India’s low-budget space program may offer lesson for U.S. – Part 2

India’s successful first mission to Mars is a major accomplishment for that nation, in both scientific and budgetary terms. To understand the historic feat, India’s space program and where it fits into the American exploration of Mars, science correspondent Miles O’Brien joins Hari Sreenivasan.

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    More now about India's historic mission, its space program and whether this fits into our exploration of Mars.

    Miles O'Brien is the NewsHour science correspondent, and he joins me from Boston.

    So, they have every right to be excited, I take it.


    Yes, It's a great day for space lovers everywhere, really.

    I always say the more the merrier in space. And the beauty of these kinds of missions is, everybody shares the data. If this particular vehicle has a detector for methane, let's say, for example, and the NASA MAVEN, which arrived just a couple of days before, doesn't, that data can just be added on to what they're using and they can share the information.

    And it just increases our knowledge and builds another little puzzle piece in understanding what happened to Mars over the millennia.


    Americans almost take it for granted that we have now successes on getting something up to the orbit of Mars, but India, you know, was really pretty impressed by just the mathematical difficulty of it. How hard is it to do all the right kind of course corrections to get something in orbit around a different planet from here?


    Well, you know, it wasn't too long ago when we were talking about a NASA mission that crashed on its way to arrive on Mars.

    And the problem was, if you will recall, they had two teams operating on it. One team was using the metric system. One team was using English units, and they completely missed Mars. They missed their landing spot and that was the end of that mission, Mars Climate Orbiter.

    So it's tricky stuff. It really is. The term, it's rocket science? It really is rocket science. So the fact that they pulled this off is a huge demonstration of their prowess and it's a great technological demonstrator.


    One of the big headlines today is the cost of getting something from India to Mars vs., three days ago, the cost of getting something from the United States to the same planet. Why is there such a big difference?


    Well, of course, as you well know, Hari, there is a difference in the wage structure there. That's a part of it.

    But there is a little more subtlety to it than that. If you think about the origins of NASA, NASA began with a blank check essentially to beat the Soviets to the moon. And that ethos, that mind-set kind of stayed with them for a long time after they had accomplished that goal in 1969.

    And so I think NASA now has turned around on that. They are trying to open up low-Earth orbit, for example, to commercial entities as a way of lowering the cost to getting to space. But the Indians over the years — necessity is the mother of invention. They had lean budgets and so they had to build lean spacecraft in novel ways.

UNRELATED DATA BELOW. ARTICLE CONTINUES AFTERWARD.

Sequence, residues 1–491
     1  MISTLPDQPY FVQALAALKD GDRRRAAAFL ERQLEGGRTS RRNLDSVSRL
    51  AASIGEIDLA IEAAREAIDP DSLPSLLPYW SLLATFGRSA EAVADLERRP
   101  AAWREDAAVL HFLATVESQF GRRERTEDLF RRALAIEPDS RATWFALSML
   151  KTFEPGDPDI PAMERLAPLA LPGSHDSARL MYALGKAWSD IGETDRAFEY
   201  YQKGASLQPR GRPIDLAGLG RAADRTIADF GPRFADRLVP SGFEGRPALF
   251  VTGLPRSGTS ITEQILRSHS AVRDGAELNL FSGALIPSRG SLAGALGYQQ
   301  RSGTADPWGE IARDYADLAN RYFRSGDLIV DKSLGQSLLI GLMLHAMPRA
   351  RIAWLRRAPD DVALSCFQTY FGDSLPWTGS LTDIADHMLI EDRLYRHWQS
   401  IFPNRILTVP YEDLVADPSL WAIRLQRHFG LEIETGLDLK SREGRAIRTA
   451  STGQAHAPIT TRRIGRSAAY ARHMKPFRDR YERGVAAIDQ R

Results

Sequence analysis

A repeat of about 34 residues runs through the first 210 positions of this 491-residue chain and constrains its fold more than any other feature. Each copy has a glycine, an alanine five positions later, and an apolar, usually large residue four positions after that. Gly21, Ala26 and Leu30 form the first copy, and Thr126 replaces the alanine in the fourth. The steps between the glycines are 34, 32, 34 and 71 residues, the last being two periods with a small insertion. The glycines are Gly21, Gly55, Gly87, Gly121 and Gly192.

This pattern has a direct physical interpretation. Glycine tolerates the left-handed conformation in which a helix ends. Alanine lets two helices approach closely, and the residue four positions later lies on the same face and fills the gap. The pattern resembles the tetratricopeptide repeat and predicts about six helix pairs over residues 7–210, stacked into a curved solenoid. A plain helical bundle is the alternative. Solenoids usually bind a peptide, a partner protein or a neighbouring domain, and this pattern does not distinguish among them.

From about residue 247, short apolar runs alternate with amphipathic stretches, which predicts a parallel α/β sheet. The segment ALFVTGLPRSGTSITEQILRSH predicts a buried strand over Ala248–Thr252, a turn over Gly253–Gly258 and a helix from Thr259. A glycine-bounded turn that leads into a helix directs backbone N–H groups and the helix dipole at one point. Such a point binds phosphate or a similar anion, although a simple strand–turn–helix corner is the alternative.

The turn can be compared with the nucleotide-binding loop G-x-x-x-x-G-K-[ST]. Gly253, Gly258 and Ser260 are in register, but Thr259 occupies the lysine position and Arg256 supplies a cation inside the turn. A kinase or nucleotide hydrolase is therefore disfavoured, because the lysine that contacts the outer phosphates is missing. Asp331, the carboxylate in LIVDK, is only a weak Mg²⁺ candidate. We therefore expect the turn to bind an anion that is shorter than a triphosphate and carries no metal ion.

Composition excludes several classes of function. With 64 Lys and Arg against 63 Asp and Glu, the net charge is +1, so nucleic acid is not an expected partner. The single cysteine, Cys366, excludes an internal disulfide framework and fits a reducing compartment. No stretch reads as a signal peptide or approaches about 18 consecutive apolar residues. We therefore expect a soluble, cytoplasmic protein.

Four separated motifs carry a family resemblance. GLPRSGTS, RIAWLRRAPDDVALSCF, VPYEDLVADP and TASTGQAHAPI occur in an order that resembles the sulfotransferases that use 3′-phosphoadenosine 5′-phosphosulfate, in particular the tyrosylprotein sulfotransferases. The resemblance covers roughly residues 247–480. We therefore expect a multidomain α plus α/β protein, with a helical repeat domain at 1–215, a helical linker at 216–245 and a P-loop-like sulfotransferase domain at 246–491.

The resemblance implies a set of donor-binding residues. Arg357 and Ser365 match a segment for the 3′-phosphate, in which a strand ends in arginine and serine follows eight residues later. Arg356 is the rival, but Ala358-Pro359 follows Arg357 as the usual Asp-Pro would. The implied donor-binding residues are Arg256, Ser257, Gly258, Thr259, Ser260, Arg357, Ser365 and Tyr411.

They couldn't throw things out like perhaps NASA was. They had to iterate in a very gradual way. And, as a result, you can do it a lot cheaper. And I think there's a great lesson there for the U.S. space program.


    Even the head of the Indian Space Research Organization was saying, we stand on the shoulders of the people who went before us.

    I'm assuming a space program like theirs benefit from watching the mistakes and the corrections of the European Space Agency or NASA or Japan or anybody that has gone therefore.


    Yes, that's an important point as well.

    It's always more expensive to be first. And there were many mistakes along the way. The U.S. lost many craft. The Soviets lost many craft. The Europeans have lost craft. Trying to get to Mars is kind of the Bermuda Triangle of planetary destinations in our solar system.

    So the fact is, the Indians were able to go to school on all these mishaps over the years and learn an awful lot about what it takes to arrive there. It's not an easy task. And they have proven a lot of things. This is a very ambitious space program. They one day want to join the ranks of nations that send human beings into space.


    So, what is it that now with both of these crafts, or maybe five crafts circling Mars, what are we hoping to learn about Mars with these missions?


    Well, Mars is very dry, very inhospitable and it's very cold. Three billion or four billion years ago, it was warm and wet and we think a cushy birth for life.

    We haven't seen the smoking gun that there was life there or may be life there subterranean, but something happened along the way there. And understanding what that is all about is a very interesting scientific problem and it might tell us a little something about climate change here on Earth, for one thing.

    The other thing is just understanding if there was life, finding that fossil or, for that matter, that tiny microbe that might exist there today will tell us one way or another if we are in fact alone in the universe. If we look at the planet next door and we find that there has been life or there is life, we can look at the stars and say, gosh, there's probably something else out there.


    All right, NewsHour science correspondent Miles O'Brien joining us from Boston, thanks so much.


    You're welcome, Hari.

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